Old myths never die. So it is with the fable that neoconservatives and liberal interventionists alike keep telling: that President Bush left Iraq in pretty good shape in 2008 before President Obama’s withdrawal of U.S. troops in 2011 created a strategic opening for Iran today.
Take the Wall Street Journal’s recent editorial. The Obama administration, we are told, is primarily responsible for Iran’s military surge in Iraq. After all, the withdrawal of U.S. troops in 2011 helped destroy the sectarian peace that Washington had brokered following the surge in 2007. And the failure to deploy U.S. ground troops or rally a coalition of surrounding Sunni states to fight the Islamic State created security vacuums for Tehran to exploit.
Never mind that the U.S. troops left Iraq according to the very timetable President Bush himself had negotiated with Iraqi prime minister Nouri al-Maliki in 2008. Never mind the hatred and rivalries that are so much a part of Iraqi religious and tribal animosities were bound to erupt in the absence of a strong unitary state.
The point here is that the Journal, like most supporters of the decision to invade Iraq twelve years ago, still can’t acknowledge the taproot of today’s disaster: the toppling of Sunni rule that led to the Shia ascendancy in Baghdad.
Go back to those heady days in the lead up to Operation Iraqi Freedom. The hawks—from Christopher Hitchens, Paul Berman and the Washington Post editorial page on the left to William Kristol, Robert Kagan and the Journal editorial page on the right—had confidently predicted that the “liberation” of the Iraqi people from a brutal dictatorship would lead to a flourishing democracy and viable state.
But the unintended consequences of the war were not just the dear costs in blood, treasure and prestige for the United States. Nor were they the hundreds of thousands of deaths of Iraqi civilians. They were what amounted to a strategic victory for the Islamic Republic of Iran.
Tehran’s presence in the Shia south, moreover, was felt well before the withdrawal of U.S. forces. Recall that General Qasem Soleimani, the commander of the Revolutionary Guards’ Quds Brigade, spearheaded Iran’s political and military involvement in Iraq a decade ago. Recall, too, al-Maliki’s debt to Iran in helping secure his presidency in 2006.
By toppling a Sunni regime and bringing democracy to Iraq, the U.S.-led coalition brought to an end the sectarian imbalance that had been in place for generations. The Baathists, like the Hashemites, British and Ottomans before them, had kept in place minority rule, giving Sunni Arabs a disproportionate share of power and resources while brutally suppressing Shia and Kurds.
In his award-winning 2006 book, The Shia Revival , Vali Nasr observed:
The Shia still fear Sunni rule, and Sunnis rue their loss of power and dream of climbing back to the top... Each has a different vision of the past and a different dream for the future. There are still scores to settle, decades of them.
To say again: the invasion in 2003 meant that the majority Shia became the new winners in post-Saddam Iraq; and the minority Sunnis the new losers. The former turned to their Shia brethren in Tehran for support; the latter turned to a Sunni insurgency that has morphed into a plethora of Sunni jihadists, including the Islamic State.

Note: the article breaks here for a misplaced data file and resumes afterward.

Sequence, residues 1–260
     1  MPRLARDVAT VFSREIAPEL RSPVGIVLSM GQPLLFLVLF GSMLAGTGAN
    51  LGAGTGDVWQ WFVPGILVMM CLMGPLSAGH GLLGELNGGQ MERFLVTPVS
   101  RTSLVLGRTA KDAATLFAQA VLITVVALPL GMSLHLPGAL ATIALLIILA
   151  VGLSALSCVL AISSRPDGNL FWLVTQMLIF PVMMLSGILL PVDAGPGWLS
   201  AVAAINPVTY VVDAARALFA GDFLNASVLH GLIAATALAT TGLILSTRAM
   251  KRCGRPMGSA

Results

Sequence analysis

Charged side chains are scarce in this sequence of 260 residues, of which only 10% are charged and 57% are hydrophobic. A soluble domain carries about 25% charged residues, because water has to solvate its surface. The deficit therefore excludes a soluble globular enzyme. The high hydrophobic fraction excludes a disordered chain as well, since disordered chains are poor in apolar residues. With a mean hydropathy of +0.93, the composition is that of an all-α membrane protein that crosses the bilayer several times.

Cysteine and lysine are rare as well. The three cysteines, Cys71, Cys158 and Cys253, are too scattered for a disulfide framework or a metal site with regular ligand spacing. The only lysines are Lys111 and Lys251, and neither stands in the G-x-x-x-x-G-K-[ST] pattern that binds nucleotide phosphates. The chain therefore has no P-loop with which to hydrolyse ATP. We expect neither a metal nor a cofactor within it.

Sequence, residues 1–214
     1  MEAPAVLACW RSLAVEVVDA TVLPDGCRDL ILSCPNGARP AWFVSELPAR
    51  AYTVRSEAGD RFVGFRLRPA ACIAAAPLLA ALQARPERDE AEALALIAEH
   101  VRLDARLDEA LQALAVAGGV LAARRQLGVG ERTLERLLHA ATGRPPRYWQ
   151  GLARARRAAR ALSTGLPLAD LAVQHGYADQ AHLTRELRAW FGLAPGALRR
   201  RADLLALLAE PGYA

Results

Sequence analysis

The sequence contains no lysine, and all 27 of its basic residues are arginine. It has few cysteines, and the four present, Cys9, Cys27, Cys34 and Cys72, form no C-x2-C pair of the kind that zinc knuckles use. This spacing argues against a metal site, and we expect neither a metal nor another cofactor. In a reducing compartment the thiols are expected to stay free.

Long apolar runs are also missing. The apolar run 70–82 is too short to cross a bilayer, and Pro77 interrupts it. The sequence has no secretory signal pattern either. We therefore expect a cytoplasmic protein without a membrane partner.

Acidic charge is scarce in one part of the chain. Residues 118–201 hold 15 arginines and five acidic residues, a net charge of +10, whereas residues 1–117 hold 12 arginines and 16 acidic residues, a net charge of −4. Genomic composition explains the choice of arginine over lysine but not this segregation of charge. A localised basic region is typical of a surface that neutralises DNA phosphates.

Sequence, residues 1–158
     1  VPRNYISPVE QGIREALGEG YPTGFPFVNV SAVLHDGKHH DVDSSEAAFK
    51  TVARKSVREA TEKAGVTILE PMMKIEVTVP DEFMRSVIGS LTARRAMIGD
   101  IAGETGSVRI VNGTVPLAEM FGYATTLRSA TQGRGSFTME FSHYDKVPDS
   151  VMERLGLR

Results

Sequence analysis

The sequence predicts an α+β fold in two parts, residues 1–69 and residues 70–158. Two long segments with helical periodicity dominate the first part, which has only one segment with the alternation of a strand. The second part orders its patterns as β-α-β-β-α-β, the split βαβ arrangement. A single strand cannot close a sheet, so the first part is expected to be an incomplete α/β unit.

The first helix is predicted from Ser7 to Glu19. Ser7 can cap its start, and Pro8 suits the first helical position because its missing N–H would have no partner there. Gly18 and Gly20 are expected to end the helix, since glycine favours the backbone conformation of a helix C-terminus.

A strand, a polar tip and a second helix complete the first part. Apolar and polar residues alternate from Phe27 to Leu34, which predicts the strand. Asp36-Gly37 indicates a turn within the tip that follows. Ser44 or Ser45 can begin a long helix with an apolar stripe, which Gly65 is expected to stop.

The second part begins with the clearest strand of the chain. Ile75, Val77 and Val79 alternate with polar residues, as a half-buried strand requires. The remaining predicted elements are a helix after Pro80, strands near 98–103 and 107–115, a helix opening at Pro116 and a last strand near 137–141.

Now the chickens are coming home to roost. Sectarianism remains ascendant. The Iraqi state as the world has known it since the collapse of the Ottoman Empire nearly a century ago is coming apart. Portraits of Iran’s late Ayatollah Ruhollah Khomeini and his successor Ayatollah Ali Khamenei litter central Baghdad. And the only group capable of liberating Sunni strongholds, such as Tikrit and Mosul, from Sunni jihadists are the Iranian-backed Shia militias.
One senior Bush administration official who never bought the neoconservative myths was Christopher Hill, a former ambassador to Iraq. In Outpost: Life on the Frontlines of American Diplomacy , Hill argues:
The failure of neoconservatives and their fellow travellers to explain what they were trying to accomplish in Iraq remains one of the most disgraceful performances by a foreign policy class in America. It has been a failure to acknowledge mistakes, and a shameful effort to shift the blame, in the case of Iraq, to nameless intelligence analysts, as if they were responsible for the full-court pressure on President Bush to convince him to go to war. They quickly attacked Obama, and like architects who blame the builder, they never tire of offering bad advice then attack the implementers for not following their plans to the letter.
. . . they bear much responsibility for reducing America’s own discourse on foreign policy to little more than a barroom brawl. They have much to answer for. Perhaps, for starters, they could observe a period of silence while the rest of us try to deal with the practical realities of a difficult global structure.
According to Hill, “a majority-ruled Iraq, which necessarily involves Shia leadership” was never going to become “an inspiration to the Sunni-dominated Arab Middle East.” Nor was it likely to shun a close relationship with Shia Iran.
Just don’t tell the fairy-tale writers at the Journal.
Tom Switzer is a research associate at the University of Sydney’s United States Studies Centre and host of Between the Lines on the Australian Broadcasting Corporation.
Image: Flickr/ United States Marine Corps Official Page